By Rabbi Daniel Rowe
Why do we eat Marror?
Vegetation was in abundance in Egypt. The civilisation grew along the Nile, giving it an abundant and, generally, predictable abundant fertility. Its vegetation was so rich that when some Israelites complained to Moses about the harshness of the Sinai desert, they referred to the rich vegetable diet they remembered from Egypt. But the vegetables we have on Seder night must be bitter to recall the bitterness of slavery.
The two are not necessarily distinct. We were enslaved and well fed at the same time. Feeding slaves is an investment in their manpower. It is also an investment in their loyalty. When God promises to remove us from slavery, he talks about bringing us out from ‘under the burden of Egypt.’ Some Chassidic readings point out that the Hebrew could also read: ‘from under the tolerance of Egypt.’ It is hard to keep a slave who is dissatisfied with their condition. But it is human nature to accept and to get used to situations.
That is true not merely for national slavery. It is true for all sorts of personal limitations that share much in common with slavery.
Transcending personal limitations
During the eighteenth century, both the Chassidic movement and its intellectual rival - the Lithuanian school - brought to the fore an idea that had laid in the background of Torah commentary. That is the idea that what occurs to us as a nation, occurs in microcosm to each individual. The national wars of Israel and their struggle with enemy forces, manifest in inner struggles individuals have with negative and self-destructive drives. The national Temple of God can be manifest in building ourselves as personal Temples of God, and so forth. In those teachings, another dimension to the Egypt saga was brought into focus.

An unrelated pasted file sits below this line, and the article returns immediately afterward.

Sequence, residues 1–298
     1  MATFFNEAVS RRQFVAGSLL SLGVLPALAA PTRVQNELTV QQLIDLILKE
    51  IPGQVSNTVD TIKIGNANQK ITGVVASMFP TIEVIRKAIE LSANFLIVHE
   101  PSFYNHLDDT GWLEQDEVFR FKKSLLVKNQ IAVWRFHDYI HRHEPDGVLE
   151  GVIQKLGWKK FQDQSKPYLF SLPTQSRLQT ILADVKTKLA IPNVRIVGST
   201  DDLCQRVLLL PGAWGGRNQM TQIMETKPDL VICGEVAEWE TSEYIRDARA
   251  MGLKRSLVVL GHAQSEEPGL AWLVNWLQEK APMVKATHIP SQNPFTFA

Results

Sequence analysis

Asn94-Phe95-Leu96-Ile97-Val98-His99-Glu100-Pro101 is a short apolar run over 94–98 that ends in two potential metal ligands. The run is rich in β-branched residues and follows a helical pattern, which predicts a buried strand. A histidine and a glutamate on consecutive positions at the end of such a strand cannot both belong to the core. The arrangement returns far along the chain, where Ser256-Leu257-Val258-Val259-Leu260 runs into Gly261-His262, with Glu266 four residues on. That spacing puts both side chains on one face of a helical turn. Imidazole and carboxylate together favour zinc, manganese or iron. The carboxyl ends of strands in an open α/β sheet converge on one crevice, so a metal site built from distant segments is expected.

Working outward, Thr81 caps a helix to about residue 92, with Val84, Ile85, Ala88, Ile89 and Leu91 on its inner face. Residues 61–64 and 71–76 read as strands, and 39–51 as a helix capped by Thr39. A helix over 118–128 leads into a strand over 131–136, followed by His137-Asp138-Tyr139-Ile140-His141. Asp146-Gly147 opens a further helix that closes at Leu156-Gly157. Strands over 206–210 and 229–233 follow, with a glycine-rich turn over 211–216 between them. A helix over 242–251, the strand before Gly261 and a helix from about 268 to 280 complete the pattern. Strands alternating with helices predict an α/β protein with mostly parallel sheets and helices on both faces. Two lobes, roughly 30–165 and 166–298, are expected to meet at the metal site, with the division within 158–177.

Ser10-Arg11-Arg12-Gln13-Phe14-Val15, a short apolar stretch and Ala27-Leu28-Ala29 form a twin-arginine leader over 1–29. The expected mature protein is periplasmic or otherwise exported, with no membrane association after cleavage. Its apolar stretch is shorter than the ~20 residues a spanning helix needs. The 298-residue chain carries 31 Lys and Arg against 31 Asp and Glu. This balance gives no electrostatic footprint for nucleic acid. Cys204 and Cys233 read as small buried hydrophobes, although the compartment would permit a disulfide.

Each of us, the teaching goes, is also a slave. The Hebrew word for Egypt, ‘Mitzrayim’ has the precise same letters as the Hebrew word ‘Metzarim’ – limitations. Each of us experiences limits that make us do things we do not want to, or prevent us from becoming that which we dream of. Just like Israel became free from Egypt, so too, each Pesach we have an opportunity to become free.
But the first rule of becoming free is to recognise just how damaging the slavery is. God had to take us out from the burden of Egypt, but He first had to take us out from the tolerance of Egypt. How many addicts vaguely recognise that they are in some form of predicament, but live in denial. Facing up to the painful truth that their lives have become devastated and that change is necessary, is a terrifying first, but critical step. The same is true for all sorts of character flaws, imaginary limits and other inner demons that keep us trapped in self-destructive behaviour and mediocre achievement.
Marror forces us to take the substance of comfort. It takes the vegetation that provided comfort and abundance in Egypt. The bitter vegetable tells us that some comforts, some abundance is what helps us tolerate what should be intolerable. Israel tasted freedom because they were willing to leap to God. They were willing to detach from the present and embrace the dream of the future. But they could not do so until they had fully ingested just how bitter and painful the present actually is.
If true freedom entails a life rooted in the future, then it’s true pre-requisite is to taste the bitterness of what is missing in the present. The Marror leads to the Pesach where we reject the power-systems of Egypt. The Pesach leads to the Matzah where we taste the freedom of timelessness. Together they make the meal that allows each of us to transcend our own personal slavery and to taste the moment of freedom.
- April 6th 2017